What the fuck is this good for?

You may be wondering why someone would even bother building reverse tunnels when opening ports is not that difficult. Why, then, would someone want to open reverse tunnels?

Imagine the following scenario: You have been asked by your boss to set up a nice Linux server to give everyone that new file-sharing you’ve been talking about for months. That’s great! However, no one in the company knows the router password, only the ISP knows and they’re not that friendly when it comes to relinquishing power. Sure, you might call them up and ask them to open port 22 so that you could SSH into the company from the outside, but the project is due tomorrow, the ISP admin is on holiday (you may not believe it, but that stuff happens). Put simply, you cannot take the device home, need to get into it, but cannot do it from the outside.

After you taste the goodness of SSH reverse tunnels, you may do what I’ve been wanting to do for years: Make your own head-hub, some accessible server and from each of your devices on your home network, your workspace, you make a reverse tunnel connection to it. This makes what I would call a “hall-server”. Loads of little doors (ports) you can go through to different devices under your command. You can become a necromancer with your own skeleton army and finally take over the wor… sorry, you can conveniently manage all your SSH-capable devices! :-)

Local port tunneling

There is another option, for when your firewall doesn’t allow a certain port to go out.

It looks basically the same, just with two minor differences (easy to miss, easy to confuse)

The -L option is used when the server would be normally accessible, were it not for those pesky firewalls. If you have a cunt of an admin who blocks outgoing port 2033 (Civ IV multiplayer), but port 1337 works. Let’s see how to get this going:

m4iler@ ssh -L 1337: h3imdall@

This commands starts a tunnel with the entry point being your machine ( and the end being the host (assigned between the port numbers). This number may be another computer. The last argument (h3imdall@ tells us the end-point, from where we don’t need to hide our traffic anymore. Yes, that’s what we’re doing.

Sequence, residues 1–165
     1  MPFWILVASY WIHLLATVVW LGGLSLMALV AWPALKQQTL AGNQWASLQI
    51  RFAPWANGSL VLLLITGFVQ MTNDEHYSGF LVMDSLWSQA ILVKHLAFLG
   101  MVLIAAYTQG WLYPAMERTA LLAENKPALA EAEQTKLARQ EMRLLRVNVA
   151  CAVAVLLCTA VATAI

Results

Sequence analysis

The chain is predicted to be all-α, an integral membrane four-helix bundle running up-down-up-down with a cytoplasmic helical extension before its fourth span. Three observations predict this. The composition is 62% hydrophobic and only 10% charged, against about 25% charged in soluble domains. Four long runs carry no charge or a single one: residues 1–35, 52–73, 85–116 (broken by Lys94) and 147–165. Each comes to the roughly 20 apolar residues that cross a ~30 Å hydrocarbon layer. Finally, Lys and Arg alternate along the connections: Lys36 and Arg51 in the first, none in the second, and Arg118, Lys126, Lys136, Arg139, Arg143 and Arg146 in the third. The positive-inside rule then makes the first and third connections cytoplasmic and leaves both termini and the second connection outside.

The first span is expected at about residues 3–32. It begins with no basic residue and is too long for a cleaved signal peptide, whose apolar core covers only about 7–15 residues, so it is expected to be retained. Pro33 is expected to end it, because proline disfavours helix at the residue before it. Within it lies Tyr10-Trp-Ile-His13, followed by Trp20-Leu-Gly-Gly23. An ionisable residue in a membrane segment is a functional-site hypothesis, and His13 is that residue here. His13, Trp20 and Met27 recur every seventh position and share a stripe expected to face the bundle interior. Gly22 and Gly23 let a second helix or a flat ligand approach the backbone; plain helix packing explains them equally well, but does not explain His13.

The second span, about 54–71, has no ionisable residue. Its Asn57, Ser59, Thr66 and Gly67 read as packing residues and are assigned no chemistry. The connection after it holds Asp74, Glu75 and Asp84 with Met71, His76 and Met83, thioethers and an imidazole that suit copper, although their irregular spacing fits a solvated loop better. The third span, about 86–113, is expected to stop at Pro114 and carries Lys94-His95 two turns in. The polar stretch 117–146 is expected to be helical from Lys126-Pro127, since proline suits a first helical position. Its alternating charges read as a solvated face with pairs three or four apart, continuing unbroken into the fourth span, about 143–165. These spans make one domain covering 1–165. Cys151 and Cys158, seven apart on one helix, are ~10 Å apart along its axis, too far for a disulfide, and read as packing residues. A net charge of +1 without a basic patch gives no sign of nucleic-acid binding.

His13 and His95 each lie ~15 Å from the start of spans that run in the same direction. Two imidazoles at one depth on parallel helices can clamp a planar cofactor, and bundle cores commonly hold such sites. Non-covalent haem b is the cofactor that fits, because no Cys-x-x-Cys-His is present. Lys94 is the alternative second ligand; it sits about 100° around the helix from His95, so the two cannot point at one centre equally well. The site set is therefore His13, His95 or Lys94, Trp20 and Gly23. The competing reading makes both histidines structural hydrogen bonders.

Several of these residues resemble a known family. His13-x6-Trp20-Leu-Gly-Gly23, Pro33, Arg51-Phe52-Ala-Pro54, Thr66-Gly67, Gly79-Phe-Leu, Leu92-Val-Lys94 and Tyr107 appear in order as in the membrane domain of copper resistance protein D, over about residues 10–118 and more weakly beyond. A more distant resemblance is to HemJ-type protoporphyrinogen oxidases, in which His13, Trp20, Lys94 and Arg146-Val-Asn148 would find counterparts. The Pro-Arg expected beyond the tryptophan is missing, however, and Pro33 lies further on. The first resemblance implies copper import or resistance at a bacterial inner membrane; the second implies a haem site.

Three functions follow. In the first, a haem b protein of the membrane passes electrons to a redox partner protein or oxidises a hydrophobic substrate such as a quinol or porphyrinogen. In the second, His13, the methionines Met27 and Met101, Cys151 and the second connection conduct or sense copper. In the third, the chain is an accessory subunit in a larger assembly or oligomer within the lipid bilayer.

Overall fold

If we talk in normal people terms, it goes like this:

First, we open port 1337 on our local machine. The localhost (.100) listens on port 1337, and anything it receives, gets sent as SSH traffic over a non-standard port to the exit point (signified by the last argument, h3imdall@192…200). From there, it gets unmasked and goes on to its target as regular Civ IV traffic, openly. To the target, it seems that the .200 host is playing Civ IV!

Yes, the SSH tunnel, in this case, is running via 1337. This doesn’t matter to our end point.

In closing

If I could, I would’ve provided images to everything, but I got the next best thing: Tinkernut over on YouTube explains these topics rather nicely. If you’re in a meeting right now and can only read, here you are, but if you can watch videos, I’d highly recommend Tinkernut’s video on SSH tunneling

Right now, I have NO idea how many people this will help, but there are not a lot of easy-to-read articles on this topic, I wanted to put out something simple, basic, yet at least a little usable, documenting the obstacles I encountered on the way.